Coaches know the value of video in making adjustments and scouting, but it’s also tremendously helpful in getting a struggling player back on track.
Video is generally seen as a corrective tool, an efficient means of showing a player or team what they’re doing wrong and how to fix it. There is no doubting the truth in that line of thinking. Video provides tangible real evidence that eliminates biases and squashes arguments.
But only using video to point out mistakes limits its true power. Athletes and coaches both need to learn from their miscues, but video also has the ability to boost confidence in ways few other mediums can.
Consider the case of Thon Maker, a young center for the Milwaukee Bucks. After a promising rookie season in 2016-17, Maker’s development has stalled this year and he lost his starting spot. Instead of hammering the youngster for his struggles, Bucks consultant Tim Grgurich put together a 15-minute compilation of clips depicting Maker thriving in last season’s playoffs.
“He got me to watch on both ends of the floor, both defense and offense, to see and feel how aggressive I was on both ends of the floor,” Maker said in an interview with ESPN Milwaukee. “I was locked in. The energy was there every single possession.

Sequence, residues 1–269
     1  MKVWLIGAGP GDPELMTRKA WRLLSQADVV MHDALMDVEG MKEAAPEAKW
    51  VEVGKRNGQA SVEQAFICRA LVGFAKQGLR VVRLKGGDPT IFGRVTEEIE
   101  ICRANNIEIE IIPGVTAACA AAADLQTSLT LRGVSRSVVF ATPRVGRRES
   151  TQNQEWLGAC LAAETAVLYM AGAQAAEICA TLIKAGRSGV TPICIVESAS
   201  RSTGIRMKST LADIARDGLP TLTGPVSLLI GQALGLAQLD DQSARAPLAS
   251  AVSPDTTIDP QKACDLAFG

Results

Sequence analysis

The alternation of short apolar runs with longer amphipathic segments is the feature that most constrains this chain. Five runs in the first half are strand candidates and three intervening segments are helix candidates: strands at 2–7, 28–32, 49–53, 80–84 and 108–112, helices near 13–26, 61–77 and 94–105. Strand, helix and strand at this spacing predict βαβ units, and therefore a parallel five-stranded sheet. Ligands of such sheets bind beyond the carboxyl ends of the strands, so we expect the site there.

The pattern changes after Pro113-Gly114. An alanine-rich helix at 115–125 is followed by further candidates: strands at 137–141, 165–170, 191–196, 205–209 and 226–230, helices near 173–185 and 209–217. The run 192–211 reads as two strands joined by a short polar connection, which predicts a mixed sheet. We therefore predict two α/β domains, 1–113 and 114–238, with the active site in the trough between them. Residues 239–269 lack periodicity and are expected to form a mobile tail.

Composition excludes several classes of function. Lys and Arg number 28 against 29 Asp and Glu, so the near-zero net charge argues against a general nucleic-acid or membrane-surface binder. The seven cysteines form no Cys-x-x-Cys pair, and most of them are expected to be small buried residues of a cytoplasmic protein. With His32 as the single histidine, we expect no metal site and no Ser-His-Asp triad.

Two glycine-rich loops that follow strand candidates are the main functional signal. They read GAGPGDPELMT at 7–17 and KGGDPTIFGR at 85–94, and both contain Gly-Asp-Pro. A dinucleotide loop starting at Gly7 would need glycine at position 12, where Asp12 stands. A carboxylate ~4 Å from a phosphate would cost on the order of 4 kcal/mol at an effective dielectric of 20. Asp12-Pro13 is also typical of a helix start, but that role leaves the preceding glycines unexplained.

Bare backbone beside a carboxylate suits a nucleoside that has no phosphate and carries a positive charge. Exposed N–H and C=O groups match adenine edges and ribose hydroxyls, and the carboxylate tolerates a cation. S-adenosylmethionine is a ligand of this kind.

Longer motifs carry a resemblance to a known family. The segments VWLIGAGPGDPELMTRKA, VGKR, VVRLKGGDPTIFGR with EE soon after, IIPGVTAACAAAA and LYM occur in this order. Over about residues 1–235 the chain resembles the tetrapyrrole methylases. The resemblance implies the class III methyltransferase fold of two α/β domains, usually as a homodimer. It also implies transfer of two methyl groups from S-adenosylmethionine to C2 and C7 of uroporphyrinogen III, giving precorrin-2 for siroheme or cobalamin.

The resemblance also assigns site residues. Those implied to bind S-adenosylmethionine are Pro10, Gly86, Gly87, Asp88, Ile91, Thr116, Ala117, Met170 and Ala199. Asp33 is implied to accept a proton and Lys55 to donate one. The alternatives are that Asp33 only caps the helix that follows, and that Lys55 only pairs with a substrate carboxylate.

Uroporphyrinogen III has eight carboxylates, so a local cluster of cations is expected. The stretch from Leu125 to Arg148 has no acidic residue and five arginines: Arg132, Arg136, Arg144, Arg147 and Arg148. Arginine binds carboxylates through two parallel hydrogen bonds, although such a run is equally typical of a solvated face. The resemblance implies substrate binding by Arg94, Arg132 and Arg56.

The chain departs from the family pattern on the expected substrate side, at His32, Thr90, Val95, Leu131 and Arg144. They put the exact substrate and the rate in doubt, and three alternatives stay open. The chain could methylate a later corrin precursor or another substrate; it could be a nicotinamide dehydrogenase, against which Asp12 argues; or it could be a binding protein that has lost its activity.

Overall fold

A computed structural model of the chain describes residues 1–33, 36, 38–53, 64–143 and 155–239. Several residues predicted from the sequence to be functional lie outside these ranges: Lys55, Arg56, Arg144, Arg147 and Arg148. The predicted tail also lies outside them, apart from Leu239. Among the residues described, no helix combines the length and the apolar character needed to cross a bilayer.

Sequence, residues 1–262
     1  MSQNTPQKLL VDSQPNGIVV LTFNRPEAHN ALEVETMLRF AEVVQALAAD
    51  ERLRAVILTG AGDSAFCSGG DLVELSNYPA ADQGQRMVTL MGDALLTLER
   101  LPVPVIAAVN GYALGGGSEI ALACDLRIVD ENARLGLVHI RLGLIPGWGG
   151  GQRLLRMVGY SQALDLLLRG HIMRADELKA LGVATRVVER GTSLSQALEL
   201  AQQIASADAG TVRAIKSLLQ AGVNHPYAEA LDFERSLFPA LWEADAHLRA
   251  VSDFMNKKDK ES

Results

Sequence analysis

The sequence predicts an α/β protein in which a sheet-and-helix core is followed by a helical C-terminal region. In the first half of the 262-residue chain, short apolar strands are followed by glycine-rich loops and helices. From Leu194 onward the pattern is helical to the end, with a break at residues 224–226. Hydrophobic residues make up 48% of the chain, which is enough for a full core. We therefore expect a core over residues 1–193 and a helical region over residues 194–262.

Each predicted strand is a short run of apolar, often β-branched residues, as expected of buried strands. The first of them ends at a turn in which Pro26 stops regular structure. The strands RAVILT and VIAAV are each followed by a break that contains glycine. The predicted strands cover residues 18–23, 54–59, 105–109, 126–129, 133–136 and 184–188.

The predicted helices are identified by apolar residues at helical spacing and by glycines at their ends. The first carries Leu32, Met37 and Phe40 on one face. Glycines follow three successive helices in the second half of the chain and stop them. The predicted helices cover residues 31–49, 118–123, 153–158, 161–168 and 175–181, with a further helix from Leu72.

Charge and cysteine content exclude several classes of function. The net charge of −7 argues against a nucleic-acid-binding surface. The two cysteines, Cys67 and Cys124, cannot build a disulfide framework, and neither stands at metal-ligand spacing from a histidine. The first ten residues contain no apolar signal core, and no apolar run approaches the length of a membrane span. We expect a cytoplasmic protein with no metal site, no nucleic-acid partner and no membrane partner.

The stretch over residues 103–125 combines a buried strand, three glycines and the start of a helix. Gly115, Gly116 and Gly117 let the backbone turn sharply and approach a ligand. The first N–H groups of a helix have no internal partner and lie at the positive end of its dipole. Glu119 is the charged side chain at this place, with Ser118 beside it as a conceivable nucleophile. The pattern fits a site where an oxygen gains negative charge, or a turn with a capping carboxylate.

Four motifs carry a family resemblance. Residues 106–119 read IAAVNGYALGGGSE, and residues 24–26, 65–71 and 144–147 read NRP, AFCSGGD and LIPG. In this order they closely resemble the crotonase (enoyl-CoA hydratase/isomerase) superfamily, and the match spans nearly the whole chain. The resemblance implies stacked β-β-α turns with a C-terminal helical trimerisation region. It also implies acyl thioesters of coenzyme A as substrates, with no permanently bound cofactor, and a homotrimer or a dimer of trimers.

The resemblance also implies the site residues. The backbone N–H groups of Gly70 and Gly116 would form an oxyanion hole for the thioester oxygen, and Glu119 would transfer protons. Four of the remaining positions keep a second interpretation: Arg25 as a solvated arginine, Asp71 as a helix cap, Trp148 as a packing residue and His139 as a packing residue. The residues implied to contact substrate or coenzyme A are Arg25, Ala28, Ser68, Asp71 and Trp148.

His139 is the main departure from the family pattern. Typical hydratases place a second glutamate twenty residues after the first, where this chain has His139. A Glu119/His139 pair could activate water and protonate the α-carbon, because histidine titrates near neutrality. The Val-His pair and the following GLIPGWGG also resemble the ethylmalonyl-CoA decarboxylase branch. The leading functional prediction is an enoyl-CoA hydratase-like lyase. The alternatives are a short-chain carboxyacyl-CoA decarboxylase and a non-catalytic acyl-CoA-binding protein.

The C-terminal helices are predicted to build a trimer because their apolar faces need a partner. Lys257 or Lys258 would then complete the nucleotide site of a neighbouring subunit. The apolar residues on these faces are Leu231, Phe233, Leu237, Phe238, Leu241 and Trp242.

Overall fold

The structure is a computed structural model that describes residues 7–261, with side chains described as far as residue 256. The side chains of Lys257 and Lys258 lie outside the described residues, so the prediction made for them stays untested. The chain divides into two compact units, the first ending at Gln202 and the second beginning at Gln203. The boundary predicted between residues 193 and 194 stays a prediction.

“He just got me to watch those an from there, I’ve just taken off. Just aggressive. It’s kind of reminded me… I saw that’s a different player and I was like, ‘OK, I don’t know what happened between the end of the playoffs to now, but I figured out I’m going back to that old me.”
There are countless stories just like Maker’s across all sports. Even the most talented athletes are going to hit a rough patch and struggle at some point. Sometimes all they need is a reminder of their past success to get them back on track.
Legendary volleyball coach Terry Liskevych certainly understands that. The former U.S. women’s national team coach saves clips of each player over the first few months of the season and puts them into two-minute compilation videos. These highlights provide the athletes with a confidence boost and help develop a stronger relationship between them and their coach.
“Utilize video to catch them doing good, and to me, that’s as powerful a tool as anything,” Liskevych said. “Let’s turn it into a positive. All of us as coaches focus more on the negative than we should.”
“Positive corrective feedback, especially when linked to video as a visual tool, which is how most people learn, that means you can always do it.”
That shot of confidence is amplified when shared on social media. Sharing out highlight clips to the masses or calling out the successes of your players gives them the recognition they seek.
Video is the ultimate coaching tool for a myriad of reasons. It’s great for scouting, it helps correct athletes’ mistakes and shows coaches insights they might have missed during the live action. And when used in a positive manner, it possesses the ability to pump up players and remind them of what they’re capable of.